Coffee lover that I am, I have to secretly admit I’ve been enjoying this dark liquid lately. That’s right, roasted chicory is carving a new spot in my heart. It has similar components to a coffee description–acidity, body, aroma, bitterness, sweetness, aftertaste–and a deep rich satisfaction that is almost meaty.
I know there are at least a few individuals who don’t love coffee: my honey pie, his brother, my cousin Barb, and maybe three or four more people who don’t care about finding something that resembles coffee. And I would never suggest that anything could take the place of coffee (people get pretty touchy about this topic). But if you are looking for a dark beverage that you could drink in the afternoons with no caffeine and bonus of having numerous health benefits…keep reading.
Chicorium Intybus, Sativum
Chicory was cultivated in Egypt for medicinal purposes and it’s likely the Anglo word ‘chicory’ or the French ‘chicoree’ comes from its Egyptian name ‘Ctchorium’. Egyptians consumed it in large quantity to purify the liver and blood.
Another amazing plant, chicory increases the flow of bile which aids in digestion and breaks down fats to help with general gallbladder and liver health. It contains antioxidants and anti-fungal properties, and also has a high concentration of ‘inulin’—a soluble fiber that assists the intestinal flora. Inulin is a non-digestible fiber so it provides the benefits of fiber but does not raise blood sugar levels.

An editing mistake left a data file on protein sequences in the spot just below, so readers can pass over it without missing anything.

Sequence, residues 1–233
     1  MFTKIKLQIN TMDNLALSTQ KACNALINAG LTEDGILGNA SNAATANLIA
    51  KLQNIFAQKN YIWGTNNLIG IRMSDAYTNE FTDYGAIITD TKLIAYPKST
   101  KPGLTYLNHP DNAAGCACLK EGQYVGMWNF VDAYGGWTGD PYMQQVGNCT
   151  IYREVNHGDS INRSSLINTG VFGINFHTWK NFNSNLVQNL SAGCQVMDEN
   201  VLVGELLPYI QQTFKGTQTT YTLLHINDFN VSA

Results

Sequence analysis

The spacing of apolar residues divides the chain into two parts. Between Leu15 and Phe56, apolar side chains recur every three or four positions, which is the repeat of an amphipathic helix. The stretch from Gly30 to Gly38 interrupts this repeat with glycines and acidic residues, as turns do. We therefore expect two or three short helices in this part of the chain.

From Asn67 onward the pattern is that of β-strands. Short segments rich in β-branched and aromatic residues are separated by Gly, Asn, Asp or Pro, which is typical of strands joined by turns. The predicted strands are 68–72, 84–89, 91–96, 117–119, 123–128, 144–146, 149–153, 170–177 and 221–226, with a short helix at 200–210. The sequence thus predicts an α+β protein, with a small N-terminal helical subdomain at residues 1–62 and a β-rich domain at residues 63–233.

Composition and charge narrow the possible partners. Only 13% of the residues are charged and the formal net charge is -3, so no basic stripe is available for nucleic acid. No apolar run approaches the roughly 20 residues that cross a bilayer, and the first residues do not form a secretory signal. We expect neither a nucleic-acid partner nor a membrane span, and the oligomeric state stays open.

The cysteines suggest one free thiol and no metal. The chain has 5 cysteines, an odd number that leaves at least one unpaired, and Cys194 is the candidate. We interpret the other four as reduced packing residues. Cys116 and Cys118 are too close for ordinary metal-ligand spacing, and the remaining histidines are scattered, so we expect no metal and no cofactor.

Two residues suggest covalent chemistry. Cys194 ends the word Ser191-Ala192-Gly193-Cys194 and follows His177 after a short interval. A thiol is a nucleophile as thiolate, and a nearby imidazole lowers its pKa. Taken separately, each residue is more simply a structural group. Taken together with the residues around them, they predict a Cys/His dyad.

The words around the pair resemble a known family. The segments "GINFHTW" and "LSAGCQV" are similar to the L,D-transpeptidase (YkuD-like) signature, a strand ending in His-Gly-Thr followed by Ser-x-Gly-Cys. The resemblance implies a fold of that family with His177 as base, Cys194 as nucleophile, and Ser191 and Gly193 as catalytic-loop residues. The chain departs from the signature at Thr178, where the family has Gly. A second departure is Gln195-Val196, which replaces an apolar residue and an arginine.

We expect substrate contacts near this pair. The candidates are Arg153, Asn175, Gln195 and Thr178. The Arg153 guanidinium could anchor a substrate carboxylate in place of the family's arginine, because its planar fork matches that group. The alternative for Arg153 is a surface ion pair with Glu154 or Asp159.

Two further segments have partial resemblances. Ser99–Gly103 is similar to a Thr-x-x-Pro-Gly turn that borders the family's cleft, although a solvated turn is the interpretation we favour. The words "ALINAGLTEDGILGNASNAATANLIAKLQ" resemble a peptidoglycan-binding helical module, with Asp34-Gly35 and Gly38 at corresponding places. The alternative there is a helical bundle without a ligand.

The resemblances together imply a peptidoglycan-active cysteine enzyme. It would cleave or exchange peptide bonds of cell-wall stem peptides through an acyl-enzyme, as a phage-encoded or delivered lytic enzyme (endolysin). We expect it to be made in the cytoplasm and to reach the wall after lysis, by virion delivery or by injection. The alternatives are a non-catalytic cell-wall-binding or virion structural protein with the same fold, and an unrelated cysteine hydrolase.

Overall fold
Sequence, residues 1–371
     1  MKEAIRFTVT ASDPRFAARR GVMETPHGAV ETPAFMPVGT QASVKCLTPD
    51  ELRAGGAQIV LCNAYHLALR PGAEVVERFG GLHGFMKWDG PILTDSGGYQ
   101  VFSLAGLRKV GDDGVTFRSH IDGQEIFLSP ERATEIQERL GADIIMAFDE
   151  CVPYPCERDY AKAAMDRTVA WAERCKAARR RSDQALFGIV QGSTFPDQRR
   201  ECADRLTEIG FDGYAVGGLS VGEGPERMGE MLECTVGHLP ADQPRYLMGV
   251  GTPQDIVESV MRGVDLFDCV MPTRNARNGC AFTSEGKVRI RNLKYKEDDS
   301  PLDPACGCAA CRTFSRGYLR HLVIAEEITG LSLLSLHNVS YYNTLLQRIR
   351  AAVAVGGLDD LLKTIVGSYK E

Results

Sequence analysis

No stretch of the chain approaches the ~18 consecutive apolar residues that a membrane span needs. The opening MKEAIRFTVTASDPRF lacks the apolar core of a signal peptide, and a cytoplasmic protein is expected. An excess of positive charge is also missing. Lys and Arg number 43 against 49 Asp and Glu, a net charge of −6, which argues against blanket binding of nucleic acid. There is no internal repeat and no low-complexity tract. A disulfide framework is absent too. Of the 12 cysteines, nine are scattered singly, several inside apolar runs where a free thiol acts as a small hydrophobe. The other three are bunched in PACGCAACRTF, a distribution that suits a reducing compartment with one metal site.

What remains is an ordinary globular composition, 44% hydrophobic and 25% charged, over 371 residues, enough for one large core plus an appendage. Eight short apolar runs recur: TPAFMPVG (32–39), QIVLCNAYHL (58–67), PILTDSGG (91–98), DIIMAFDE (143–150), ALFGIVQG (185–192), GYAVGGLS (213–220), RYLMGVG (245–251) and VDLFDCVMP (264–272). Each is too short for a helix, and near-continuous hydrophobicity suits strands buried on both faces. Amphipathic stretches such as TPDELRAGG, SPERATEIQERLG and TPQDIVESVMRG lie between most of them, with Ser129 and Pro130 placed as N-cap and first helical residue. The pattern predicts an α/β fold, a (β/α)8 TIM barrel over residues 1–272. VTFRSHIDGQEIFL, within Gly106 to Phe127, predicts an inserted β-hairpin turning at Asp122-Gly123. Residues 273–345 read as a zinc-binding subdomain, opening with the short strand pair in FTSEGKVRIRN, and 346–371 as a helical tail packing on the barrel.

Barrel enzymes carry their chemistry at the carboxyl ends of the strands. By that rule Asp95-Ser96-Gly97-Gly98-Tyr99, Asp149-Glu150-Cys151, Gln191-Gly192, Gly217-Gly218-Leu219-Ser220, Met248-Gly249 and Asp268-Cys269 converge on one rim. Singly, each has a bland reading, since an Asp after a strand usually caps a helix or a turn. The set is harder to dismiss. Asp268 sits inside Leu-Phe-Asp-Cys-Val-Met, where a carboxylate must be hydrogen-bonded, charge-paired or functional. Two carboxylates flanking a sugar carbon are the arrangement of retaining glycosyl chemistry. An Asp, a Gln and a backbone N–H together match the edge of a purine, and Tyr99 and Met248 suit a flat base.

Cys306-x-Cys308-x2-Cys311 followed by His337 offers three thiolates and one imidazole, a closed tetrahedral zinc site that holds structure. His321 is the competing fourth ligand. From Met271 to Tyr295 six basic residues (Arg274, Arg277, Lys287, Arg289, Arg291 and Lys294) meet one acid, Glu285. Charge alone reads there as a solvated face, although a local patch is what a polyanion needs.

Aren’t you ready for a cup now?
(…but not if you’re pregnant, breast-feeding, or allergic to ragweed, and if you have gallstones consult your physician first…)
Over the centuries roasted chicory has been consumed as a beverage in times of war or blockades when coffee trade was unable to happen. Most regions switched back to coffee once the supplies were available, but New Orleans never gave up the tradition of mixing chicory and coffee—probably because chicory had been a popular beverage in France since the 19th century. Orleans Coffee gives a little overview.
Speaking of New Orleans, the culture that still drinks this beverage has extra meaning today as we say farewell to a dear friend Mary Kay from Bay St. Louis, Mississippi, not far from the Crescent City. Artist, mama, teacher, radical, writer, friend, she loved people and nature, bright colors and black, sparkly and muted, parties and quiet, plus jambalaya, bacon, great cheese, beet lemonade, and she especially loved watching the snow fall in the middle of the night when she spent winter time here in the northland. An amazing woman she was, we salute her practice of loving life, all life.
This week’s quote is one she gave to me last year, I still have the paper with her handwriting:
“Each difficult moment has the potential to open my eyes and open my heart.”
~Mayla Kabat Zinn
A Moon Door for you, Mary Kay. Bon voyage.
Prepare a tea ball or strainer with:
1 1/2 teaspoons Roasted Chicory Root, ground
Pour boiling water over the chicory and steep for a few minutes.
Drink straight up, or add:
Honey, Sugar or Maple Syrup